Colors are difficult to work with, especially for accessibility purposes.
As anyone that’s watched this blog when it’s changed, or looked at Sequlr knows, I’m not the most gifted person when it comes to picking colors. Part of that is the fact that not all color combinations even work to begin with. There’s this notion of contrast, and without contrast you simply cannot have a foreground and background at all. The WCAG 2 guidelines for color contrast makes picking colors something of a minefield.
Many websites (I might even guess a majority, but I haven’t done any serious sampling) completely ignore WCAG/color contrast, assuming all of their users have perfect vision. They are more concerned with the visual appeal of their design than the functionality. This goes even for very prominent websites and those that at least pay lip service to accessibility.
But even for the few, the proud that make earnest attempts to comply, to contrast correctly, the obstacles are considerable. Consider Mozilla Firefox, which is currently in the late beta versions of its fourth release. They have a CSS color, GrayText, which is hardcoded and bad for accessibility in certain circumstances. In the case I noticed, it’s used for the hovered link, now that the status bar is going away. Of course, they shouldn’t be trying to indicate placeholder or non-standard text by making it gray, but it wouldn’t be so bad if they derived its value from the OS theme.
And there’s the second hit: the OS likely doesn’t provide a specific color for this use case. It probably doesn’t provide guidance for link/visited link colors either. The OS justification for this is likely that adding more color choices for the theme would complicate it. That’s true, but you have to choose your direction of complication: either provide the choice that can be ignored by the user or end up with the application developer painting themselves into a corner. In the latter case you end up harming your users anyway, as they may find their theme incompatible with a variety of software despite it being an otherwise usable theme.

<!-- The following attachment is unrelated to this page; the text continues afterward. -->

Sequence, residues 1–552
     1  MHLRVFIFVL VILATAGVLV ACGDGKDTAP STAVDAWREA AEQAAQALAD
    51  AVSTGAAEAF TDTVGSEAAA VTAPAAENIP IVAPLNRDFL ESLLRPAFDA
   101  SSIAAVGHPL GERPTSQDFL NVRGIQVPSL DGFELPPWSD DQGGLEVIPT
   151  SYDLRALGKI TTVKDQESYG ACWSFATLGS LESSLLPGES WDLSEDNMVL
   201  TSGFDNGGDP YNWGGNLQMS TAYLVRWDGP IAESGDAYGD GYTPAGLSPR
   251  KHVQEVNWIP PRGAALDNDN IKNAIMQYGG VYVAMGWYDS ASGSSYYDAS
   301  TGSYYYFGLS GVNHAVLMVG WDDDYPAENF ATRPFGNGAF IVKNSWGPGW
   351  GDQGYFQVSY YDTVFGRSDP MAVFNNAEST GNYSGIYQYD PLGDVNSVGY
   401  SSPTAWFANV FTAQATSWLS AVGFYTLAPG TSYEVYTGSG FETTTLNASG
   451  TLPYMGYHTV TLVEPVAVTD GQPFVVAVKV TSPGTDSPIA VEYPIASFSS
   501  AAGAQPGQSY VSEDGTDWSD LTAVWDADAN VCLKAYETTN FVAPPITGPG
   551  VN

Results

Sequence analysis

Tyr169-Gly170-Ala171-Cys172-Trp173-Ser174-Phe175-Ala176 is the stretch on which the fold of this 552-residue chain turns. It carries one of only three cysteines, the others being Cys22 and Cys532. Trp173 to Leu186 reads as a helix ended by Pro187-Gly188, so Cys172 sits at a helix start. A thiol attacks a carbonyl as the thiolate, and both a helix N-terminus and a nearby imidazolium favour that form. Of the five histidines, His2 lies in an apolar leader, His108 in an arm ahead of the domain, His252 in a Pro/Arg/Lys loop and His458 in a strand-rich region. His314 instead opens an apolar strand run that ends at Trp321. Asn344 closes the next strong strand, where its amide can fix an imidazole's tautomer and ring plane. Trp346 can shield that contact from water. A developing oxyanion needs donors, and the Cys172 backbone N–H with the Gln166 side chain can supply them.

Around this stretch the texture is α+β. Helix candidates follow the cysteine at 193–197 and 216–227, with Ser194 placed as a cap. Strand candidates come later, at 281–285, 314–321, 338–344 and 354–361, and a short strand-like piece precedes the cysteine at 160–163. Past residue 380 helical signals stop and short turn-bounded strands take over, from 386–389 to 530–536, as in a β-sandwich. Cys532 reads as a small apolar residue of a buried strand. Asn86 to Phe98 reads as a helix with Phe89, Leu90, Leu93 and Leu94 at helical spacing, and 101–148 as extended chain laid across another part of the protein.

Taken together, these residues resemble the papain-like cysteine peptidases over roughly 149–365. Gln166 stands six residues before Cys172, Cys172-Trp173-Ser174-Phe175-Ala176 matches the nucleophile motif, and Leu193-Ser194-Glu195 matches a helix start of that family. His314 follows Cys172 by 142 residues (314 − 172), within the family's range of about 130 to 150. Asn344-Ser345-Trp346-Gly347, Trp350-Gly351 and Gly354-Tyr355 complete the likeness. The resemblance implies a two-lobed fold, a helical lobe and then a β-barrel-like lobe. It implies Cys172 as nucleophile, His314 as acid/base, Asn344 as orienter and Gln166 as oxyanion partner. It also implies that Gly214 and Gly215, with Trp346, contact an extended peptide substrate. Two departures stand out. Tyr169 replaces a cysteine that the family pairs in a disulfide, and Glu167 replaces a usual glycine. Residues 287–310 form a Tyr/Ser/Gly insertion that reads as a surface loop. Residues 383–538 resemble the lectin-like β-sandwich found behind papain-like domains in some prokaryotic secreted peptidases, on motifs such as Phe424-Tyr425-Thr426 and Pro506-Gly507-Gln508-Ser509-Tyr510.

My own experience with color has been that it’s very difficult even if you ignore accessibility. If you do take contrast into account, it’s harder because you have to pick some colors and then tweak them or at least check them for proper contrast.
I think the solution is better allowance for user choice in colors. At the OS level, as I’ve noted, but these color choices need to bleed through to the web. The web application should be able to get a set of colors the OS theme uses, and apply them correctly to the presentation. This would make the web blend better with the desktop, and it would improve the accessibility of the web a bit. The other change needed is for the web to get over art. Where the goal is art, the web can keep going, but where the goal is actually to present information, the tendency for art to trump function is alarming and harmful to the platform.